This entry was posted in California, Parties, Subrogation and tagged .
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“Bad Kamara/Good Karma” — Life After Hartford v. Kamara


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How the Pennsylvania Supreme Court’s Decision in Kamara Changes the Legal Landscape for Workers’ Compensation Subrogation and Successfully Moving Forward

On November 21, 2018, the Pennsylvania Supreme Court, in a 5-4 decision, reversed the Superior Court stating a right of action in Pennsylvania remains with the injured employee. Specifically, the court held that “unless the injured employee assigns her cause of action or voluntarily joins the litigation as a party plaintiff, the insurer may not enforce its statutory right to subrogation by filing an action directly against the tortfeasor.” Continue reading

This entry was posted in Pennsylvania, Subrogation, Workers' Compensation and tagged , , .
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A Tort Claim Is Not a Debt Within the Meaning of the Colorado’s Fair Debt Collection Practices Act


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In Ybarra v. Greenberg & Sada, P.C., 2018 CO 81, 2018 Colo. LEXIS 828 (Oct. 15, 2018), Francis Ybarra (Ybarra) filed a complaint against the law firm retained by State Farm Auto Insurance Company (State Farm) to pursue subrogation against Ybarra. In his suit, Ybarra alleged that the law firm violated Colorado’s Fair Debt Collection Practices Act (FDCPA) when it secured a default judgment against Ybarra. The Supreme Court of Colorado, agreeing that State Farm’s subrogation claim was not a transaction giving rise to a debt within the meaning of the FDCPA, held that the trial court properly dismissed Ybarra’s complaint for failure to state a claim. Continue reading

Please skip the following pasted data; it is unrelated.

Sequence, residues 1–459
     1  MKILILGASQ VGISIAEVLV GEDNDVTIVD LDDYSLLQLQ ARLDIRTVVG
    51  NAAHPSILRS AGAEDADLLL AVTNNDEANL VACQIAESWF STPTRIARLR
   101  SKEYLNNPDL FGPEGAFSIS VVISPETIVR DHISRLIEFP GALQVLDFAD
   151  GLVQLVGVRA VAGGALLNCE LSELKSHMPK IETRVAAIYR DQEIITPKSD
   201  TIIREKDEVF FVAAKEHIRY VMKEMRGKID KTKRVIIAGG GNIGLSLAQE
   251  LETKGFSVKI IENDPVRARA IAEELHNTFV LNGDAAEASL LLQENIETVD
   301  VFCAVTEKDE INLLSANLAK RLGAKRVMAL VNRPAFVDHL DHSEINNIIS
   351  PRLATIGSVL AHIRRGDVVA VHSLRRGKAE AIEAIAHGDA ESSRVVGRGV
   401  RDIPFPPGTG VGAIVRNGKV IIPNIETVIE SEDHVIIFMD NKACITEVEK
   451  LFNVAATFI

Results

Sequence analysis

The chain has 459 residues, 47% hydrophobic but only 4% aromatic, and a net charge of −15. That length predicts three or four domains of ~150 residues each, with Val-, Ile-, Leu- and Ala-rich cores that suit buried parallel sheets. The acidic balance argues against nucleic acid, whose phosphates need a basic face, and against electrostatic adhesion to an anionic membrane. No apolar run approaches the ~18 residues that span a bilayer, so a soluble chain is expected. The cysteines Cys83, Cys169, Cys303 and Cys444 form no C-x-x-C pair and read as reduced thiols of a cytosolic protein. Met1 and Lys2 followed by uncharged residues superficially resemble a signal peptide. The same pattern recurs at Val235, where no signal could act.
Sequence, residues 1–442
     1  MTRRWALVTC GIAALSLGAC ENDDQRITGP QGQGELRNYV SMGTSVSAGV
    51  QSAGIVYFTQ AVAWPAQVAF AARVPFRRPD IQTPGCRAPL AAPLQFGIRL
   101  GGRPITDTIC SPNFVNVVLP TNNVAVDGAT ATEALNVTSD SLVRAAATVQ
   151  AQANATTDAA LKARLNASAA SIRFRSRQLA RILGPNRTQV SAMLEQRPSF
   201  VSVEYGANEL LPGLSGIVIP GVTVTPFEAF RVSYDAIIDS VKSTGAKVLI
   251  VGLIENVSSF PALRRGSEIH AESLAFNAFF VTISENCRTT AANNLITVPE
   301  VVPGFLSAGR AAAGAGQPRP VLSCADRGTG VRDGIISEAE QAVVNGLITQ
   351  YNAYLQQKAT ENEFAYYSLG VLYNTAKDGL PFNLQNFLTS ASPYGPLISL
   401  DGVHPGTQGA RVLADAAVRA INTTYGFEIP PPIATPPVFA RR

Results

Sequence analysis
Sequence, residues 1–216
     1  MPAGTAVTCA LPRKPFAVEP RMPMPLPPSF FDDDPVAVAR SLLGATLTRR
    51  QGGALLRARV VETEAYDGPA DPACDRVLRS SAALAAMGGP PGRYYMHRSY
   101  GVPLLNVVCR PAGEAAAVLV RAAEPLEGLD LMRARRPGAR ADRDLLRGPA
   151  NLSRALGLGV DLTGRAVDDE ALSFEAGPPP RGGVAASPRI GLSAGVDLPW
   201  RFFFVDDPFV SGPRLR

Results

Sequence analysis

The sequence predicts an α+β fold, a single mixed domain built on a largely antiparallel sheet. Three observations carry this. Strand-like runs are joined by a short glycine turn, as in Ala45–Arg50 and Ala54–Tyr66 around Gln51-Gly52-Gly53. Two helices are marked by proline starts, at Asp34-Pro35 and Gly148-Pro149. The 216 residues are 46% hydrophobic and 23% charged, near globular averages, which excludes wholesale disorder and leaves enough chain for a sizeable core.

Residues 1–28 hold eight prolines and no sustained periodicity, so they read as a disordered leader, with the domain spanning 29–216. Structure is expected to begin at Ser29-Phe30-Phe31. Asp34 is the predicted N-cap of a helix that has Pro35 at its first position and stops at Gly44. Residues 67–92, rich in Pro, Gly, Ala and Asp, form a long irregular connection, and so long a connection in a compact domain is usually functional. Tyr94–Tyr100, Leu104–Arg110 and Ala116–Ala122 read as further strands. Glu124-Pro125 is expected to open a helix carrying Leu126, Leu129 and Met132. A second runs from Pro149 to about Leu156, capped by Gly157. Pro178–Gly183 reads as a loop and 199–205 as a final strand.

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Cargo

Carmack Amendment Loss Claims Should Indicate a Specified or Determinable Amount of Money


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In N.Y. Marine & Gen. Ins. Co. v. Estes Express Lines, Inc., 719 Fed. Appx. 691 (9th Cir. 2018), the United States Court of Appeals for the Ninth Circuit (Appeals Court) addressed the question of whether an insurer, N.Y. Marine & General Insurance Company (N.Y. Marine), could recover from a cargo carrier under the Carmack Amendment, 49 U.S.C. § 14706, if the insured’s loss claim did not state a specified amount of money. Finding that § 14706 requires that a party filing a cargo loss claim state a specified or determinable amount of money, the Appeals Court affirmed the district court’s holding that neither the carrier, Estes Express Lines, Inc. (Estes) nor the broker, Exfreight Zeta, Inc. (Zeta), was liable to N.Y. Marine. Continue reading

This entry was posted in Cargo - Transportation, Subrogation and tagged , .
Transportation

New York Federal Court Holds That the Montreal Convention Does Not Allow a Party to Recover Inspection Costs Where Cargo Suffers No Physical Damage